I already have an admin [email protected] – so I cannot use the same name and I used aalpha1 instead. More on this later.

Since this is a one-time operation, you should select all source directories you wish to migrate. Otherwise, you will need to migrate any additional directories manually, which is entirely the thing you are trying NOT to do. By the way, I experimented with various configurations and methods in my lab. I found that if I deleted and redeployed the vRealize Automation 8 environment I could restart a migration to try something different. This might save some time when testing this out (that is unless you test in production, in which case you have my sincere best wishes for a new career outside of IT).

In this example, I’m migrating the local directory as well as the VMware AD. You will need to provide the bind password for this migration. It’s not stored, and is only used for the migration. Validate and you can move on.

One thing I really appreciate about vRealize Lifecycle Manager is the prechecks. They are really thought out and complete, provide great insight on how to fix failed checks and generally keep me from doing stupid things.

The precheck will find any potential issues with the migration and you will need to address those before you can start the migration. Notice the failure regarding the vRealize Automation database access. You will find KB 81219 helpful in addressing this. By the way, when you follow that KB, be sure to use “/32” in the trust statement. I thought that this was supposed to be the netmask (“/24” in my case) and while the connection test worked, the pre-check failed (as you can see below). This is because the precheck doesn’t actually test the connection, but rather inspects the pg_hba.conf file on the source host for the trust statement (i.e. “host all all 10.176.203.6/32 trust”).

Also note what happens when you don’t specify a unique local username for the tenant admin in the Tenant Details step – so, yes, it’s a requirement.

Notice the first failure below regarding SSL. The tenants must meet certificate requirements and in my case I solved it by updating the wildcard certificate on the target vRealize Automation environment with a SAN certificate shown in the next image below. Your organization may have different requirements and policies for SSL, so I will not go into the “how to” of certificates, CSRs and so forth.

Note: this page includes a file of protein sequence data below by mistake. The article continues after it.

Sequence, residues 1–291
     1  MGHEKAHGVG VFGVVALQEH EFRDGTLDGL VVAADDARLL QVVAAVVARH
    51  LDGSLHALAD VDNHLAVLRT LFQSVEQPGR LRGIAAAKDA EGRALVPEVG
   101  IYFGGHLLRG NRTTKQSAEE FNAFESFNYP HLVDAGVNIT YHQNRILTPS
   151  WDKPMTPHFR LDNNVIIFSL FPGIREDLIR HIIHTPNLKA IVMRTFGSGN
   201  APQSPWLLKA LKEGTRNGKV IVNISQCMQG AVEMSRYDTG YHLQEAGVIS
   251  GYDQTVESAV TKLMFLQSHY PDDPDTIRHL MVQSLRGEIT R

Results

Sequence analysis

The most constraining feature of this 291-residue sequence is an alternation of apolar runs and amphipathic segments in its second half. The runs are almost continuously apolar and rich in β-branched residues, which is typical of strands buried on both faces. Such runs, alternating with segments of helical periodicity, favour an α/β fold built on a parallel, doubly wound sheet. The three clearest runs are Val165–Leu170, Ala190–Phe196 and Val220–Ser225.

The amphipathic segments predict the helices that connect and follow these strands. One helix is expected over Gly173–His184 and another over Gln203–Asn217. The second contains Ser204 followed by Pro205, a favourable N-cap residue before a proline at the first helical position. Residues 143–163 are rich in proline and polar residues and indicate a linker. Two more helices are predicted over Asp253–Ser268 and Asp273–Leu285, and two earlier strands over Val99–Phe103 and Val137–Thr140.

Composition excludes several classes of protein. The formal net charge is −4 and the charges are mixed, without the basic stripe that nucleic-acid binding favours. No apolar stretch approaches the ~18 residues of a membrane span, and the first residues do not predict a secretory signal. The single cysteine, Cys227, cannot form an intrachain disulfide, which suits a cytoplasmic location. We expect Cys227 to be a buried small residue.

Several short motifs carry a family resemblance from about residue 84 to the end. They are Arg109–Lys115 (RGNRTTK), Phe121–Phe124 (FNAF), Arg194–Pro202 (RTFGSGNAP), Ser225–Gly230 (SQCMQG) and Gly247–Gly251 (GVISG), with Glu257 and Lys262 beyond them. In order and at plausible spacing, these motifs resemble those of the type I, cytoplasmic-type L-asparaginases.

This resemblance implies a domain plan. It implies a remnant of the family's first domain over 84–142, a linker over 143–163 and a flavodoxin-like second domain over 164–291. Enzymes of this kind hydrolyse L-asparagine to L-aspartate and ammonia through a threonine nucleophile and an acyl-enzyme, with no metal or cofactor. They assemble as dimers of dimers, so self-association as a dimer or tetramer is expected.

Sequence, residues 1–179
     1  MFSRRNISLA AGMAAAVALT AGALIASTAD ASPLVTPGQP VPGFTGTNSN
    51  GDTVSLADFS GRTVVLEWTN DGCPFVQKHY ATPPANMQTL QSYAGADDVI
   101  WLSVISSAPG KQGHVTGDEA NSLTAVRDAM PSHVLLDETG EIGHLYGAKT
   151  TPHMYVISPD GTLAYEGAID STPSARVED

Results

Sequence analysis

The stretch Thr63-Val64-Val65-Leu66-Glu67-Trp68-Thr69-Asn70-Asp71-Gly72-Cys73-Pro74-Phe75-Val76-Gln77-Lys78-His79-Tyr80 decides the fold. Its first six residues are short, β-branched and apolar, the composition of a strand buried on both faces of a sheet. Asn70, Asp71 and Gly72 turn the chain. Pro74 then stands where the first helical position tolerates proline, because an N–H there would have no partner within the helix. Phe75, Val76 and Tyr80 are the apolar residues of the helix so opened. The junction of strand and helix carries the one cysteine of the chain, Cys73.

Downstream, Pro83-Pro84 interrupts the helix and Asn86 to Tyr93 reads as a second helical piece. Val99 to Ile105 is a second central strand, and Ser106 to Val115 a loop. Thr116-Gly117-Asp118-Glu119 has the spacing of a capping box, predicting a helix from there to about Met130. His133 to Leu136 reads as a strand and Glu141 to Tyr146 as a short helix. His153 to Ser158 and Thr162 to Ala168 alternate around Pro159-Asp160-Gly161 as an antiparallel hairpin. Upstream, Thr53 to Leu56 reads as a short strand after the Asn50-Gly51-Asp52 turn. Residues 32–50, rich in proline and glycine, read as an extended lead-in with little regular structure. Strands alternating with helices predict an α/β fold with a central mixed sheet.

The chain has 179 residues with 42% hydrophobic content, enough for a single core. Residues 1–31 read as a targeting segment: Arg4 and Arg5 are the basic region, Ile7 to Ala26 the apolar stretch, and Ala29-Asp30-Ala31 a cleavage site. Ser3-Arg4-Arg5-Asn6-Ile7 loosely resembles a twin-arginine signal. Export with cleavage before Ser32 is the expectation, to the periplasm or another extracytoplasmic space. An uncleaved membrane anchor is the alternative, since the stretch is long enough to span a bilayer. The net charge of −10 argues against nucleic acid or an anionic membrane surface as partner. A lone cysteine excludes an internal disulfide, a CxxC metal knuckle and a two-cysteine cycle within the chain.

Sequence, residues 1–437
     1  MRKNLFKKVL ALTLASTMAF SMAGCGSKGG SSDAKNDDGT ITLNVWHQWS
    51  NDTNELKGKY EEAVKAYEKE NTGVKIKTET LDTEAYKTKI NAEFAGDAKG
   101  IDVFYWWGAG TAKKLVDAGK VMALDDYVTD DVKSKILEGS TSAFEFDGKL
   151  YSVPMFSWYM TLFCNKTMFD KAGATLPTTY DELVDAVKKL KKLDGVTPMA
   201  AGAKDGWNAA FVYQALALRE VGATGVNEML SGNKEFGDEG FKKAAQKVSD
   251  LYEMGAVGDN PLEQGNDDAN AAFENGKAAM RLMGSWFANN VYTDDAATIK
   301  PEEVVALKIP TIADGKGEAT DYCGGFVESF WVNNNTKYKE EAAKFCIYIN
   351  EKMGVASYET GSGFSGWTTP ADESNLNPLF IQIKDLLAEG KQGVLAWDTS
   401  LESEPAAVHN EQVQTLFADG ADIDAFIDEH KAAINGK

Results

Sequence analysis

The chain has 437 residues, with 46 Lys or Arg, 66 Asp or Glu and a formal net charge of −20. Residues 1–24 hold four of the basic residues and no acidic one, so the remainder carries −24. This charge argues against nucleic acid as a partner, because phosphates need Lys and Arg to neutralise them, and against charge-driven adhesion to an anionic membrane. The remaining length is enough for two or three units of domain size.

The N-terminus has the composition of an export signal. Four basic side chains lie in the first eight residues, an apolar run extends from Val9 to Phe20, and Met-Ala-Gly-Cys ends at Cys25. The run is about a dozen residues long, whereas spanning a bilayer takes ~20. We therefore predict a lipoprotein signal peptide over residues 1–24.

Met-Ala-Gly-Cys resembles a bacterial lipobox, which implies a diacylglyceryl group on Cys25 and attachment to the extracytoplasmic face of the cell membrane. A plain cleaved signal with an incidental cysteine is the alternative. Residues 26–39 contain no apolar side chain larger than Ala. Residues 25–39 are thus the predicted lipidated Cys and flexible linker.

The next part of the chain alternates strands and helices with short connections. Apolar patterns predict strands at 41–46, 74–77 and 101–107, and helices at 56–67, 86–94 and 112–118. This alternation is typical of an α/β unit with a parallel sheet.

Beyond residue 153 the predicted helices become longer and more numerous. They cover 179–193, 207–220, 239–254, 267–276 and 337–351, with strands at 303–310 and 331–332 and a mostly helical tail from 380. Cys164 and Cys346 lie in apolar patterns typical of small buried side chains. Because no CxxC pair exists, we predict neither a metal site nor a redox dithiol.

Once your precheck passes all checks you are ready to go.

After the migration, you will find that you have two new tenant admins. In the source environment, there were two tenant admins in the source (John and Anne). Recall that we also created another account for Anne with the username “aalpha1” and you can decide which to keep. There is also an account during the request to manage the migration. This can be deleted as well.

Any local users migrated will need to have a valid email address (which is why you see my email address used so much in these examples). This is so vRealize Suite Lifecycle Manager can send a nice welcome message with instructions on setting their password in the Global Environment vIDM. An example is shown below.

This completes a tenant migration. You can now use the vRealize Automation Migration Assistant to move the infrastructure content.

Tenant Merge

Continuing with our use case, we would like to consolidate the Gamma tenant with Alpha in the new environment. Merging is a much simpler operation as it does not migrate any directory information.

After selecting the “Merge” option in the previous step (not shown), I am now asked which tenants to merge. A couple of important bits of info on this screen, which are self-explanatory. But let me emphasize here that the merge does not bring over any directory information. The assumption is that the users and groups are already available in the target tenant. Since Gamma uses the same directory as Alpha, this is not a problem for this situation.

That is it, click through to start the merge. After the merge is completed, you will need to edit the Source Instance in vRealize Automation Migration Assistant and toggle the new tenant for migration. Perform and update and you can then migrate the merged tenant’s infrastructure and deployments.

I believe you will find that vRealize Suite Lifecycle Manager 8.3 makes the move from vRealize Automation 7.5 and 7.6 to 8.2 much easier.